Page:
Lack of prioritization and ineffective implementation of policies have been cited for gravely impacting Kenya’s manufacturing sector.
This came up during the high- level Manufacturer’s economic forum, organized by Kenya Association of Manufacturers, in Nairobi.
According to a statement from the Kenya Association of Manufacturers (KAM) , the forum which consisted of representatives from Academia, Government, Economic Think-Tanks and Industrialists, cited Kenya’s declining competitiveness in the region as a consequence of little or no implementation of existing policies, as well as, a consistent disruption of well-intentioned development programmes by each election cycle.
According to the KAM Chair Mr Sachen Gudka, Kenya’s manufacturing sector’s contribution to the GDP has averaged 10 per cent and has been on a declining trend, contributing 8.4 per cent to the GDP in 2017 and 7.7 per cent in 2018.
Manufacturing-led growth attributed to good policy implementation.
“Industrialised countries have experienced an average GDP growth rate of 7 per cent sustained for over 25 years. This has to be the case for Kenya if industrialisation is to materialise. For example, the Asian Tigers (South Korea, Taiwan, Singapore and Hong Kong) achieved manufacturing-led growth attributed to good policy implementation. Less rigid laws and regulations on labour and taxation gave room for low-cost manufacturing, thus driving up their competitiveness,” said Mr Gudka.
Despite the government’s commitment to growing the sector, there has been little growth yet manufacturing is expected to contribute 15 per cent to the GDP by 2020 as envisioned in the Big Four Agenda.
Institute of Economic Affairs CEO Mr Kwame Owino added that a structural shift is required for economic transformation in Kenya.
“Structural transformation will enable us to attain the desired change into a middle-income country as a generation and create new sources of employment. We need to change our industrial, investment, regional integration, competition and productivity monitoring policies to achieve a 15 per cent contribution to the GDP by the manufacturing sector by 2020,” remarked Mr Kwame.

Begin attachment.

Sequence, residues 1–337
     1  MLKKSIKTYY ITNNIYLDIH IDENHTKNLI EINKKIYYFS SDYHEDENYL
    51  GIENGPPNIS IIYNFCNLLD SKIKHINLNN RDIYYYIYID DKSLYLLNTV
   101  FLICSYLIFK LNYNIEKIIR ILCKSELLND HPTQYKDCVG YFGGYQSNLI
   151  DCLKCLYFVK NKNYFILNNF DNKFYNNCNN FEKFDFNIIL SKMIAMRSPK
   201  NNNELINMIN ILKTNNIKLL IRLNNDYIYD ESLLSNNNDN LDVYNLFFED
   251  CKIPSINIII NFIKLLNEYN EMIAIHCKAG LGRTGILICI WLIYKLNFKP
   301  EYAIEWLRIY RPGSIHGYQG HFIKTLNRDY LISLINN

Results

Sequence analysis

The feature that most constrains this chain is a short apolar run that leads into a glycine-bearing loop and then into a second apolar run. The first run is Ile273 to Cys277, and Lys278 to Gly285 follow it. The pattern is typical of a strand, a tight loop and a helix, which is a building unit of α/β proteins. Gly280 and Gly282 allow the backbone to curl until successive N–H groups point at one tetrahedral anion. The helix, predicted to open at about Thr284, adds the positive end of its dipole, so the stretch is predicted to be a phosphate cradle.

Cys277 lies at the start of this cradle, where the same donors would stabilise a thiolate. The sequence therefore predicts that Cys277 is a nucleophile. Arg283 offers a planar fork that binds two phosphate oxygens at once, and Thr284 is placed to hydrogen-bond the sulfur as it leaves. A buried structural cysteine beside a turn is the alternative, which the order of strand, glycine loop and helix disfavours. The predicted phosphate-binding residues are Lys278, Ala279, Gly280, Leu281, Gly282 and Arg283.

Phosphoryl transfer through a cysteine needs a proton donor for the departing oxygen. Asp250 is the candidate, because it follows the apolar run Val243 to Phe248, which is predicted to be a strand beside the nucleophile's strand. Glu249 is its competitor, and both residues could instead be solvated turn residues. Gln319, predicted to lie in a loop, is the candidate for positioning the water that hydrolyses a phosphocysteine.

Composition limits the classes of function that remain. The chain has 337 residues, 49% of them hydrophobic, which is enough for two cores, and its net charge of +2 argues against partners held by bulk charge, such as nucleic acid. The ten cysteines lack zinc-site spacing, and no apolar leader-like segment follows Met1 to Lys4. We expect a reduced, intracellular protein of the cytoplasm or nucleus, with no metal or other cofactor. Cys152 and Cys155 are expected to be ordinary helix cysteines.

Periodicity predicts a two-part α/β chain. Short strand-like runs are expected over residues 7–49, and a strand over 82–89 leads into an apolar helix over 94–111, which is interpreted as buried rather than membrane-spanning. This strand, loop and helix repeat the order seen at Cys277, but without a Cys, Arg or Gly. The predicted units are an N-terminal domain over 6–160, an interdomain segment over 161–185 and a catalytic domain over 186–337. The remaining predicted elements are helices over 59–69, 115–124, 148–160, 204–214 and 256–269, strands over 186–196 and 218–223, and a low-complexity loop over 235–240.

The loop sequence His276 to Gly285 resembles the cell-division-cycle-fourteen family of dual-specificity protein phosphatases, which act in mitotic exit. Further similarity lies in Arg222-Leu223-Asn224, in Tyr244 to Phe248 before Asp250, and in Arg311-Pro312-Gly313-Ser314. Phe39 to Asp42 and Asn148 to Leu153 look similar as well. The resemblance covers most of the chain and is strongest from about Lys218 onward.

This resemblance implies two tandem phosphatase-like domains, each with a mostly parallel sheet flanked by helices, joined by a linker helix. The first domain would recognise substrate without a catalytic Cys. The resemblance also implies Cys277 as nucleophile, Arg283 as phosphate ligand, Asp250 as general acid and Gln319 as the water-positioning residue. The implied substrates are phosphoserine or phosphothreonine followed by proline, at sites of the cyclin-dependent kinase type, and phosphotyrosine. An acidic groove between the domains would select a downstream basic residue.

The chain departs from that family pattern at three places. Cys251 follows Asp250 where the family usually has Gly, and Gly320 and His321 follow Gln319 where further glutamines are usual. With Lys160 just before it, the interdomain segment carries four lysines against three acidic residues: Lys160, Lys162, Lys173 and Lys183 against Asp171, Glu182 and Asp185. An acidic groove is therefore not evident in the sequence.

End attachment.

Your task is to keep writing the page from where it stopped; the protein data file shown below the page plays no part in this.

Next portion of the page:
Ipsos Managing Director Mr Aggrey Oriwo also noted that successful long-term development requires an industrialisation drive, accompanied by the steady accumulation of human capital and institutional capabilities to sustain services-driven growth once industrialization reaches its limits.
“Without the industrialization drive, economic take-off becomes quite difficult. Without sustained investments in human capital and institution-building, growth is condemned to peter out,” said Mr Oriwo.
Professor Nick Wanjohi, a Political Science Scholar, explained that the political economy has a direct implication on the manufacturing sector’s growth.
“At present, Kenya’s economy is characterized by increasing budget deficits resulting in rising stock of public debt, declining competitiveness, low demand, low liquidity, unpredictable and unstable regulatory environment, increasing the trade deficit, job losses, corporates issuing profit warnings and bear run of the Nairobi Security Exchange (NSE). This is a reflection of an ailing economy, yet robust economic performance is required given that 36.1 per cent of Kenyans live below the poverty line, 85 per cent of the unemployed Kenyans are the youths, tax revenues are shrinking while the budget deficit is rising,” added Prof Wanjohi.
Ernst and Young Partner Mr James Gachihi advised that the Kenyan economy requires stimulation to shore up demand.
“An economic stimulus programme will address challenges facing the manufacturing sector, increasing their productivity and competitiveness. Productive businesses create wealth and deliver sustainable employment and wages,” concluded Mr Gachihi.
The Forum sought to address what should be done to drive manufacturing growth and provide a clear path for Kenya’s development agenda.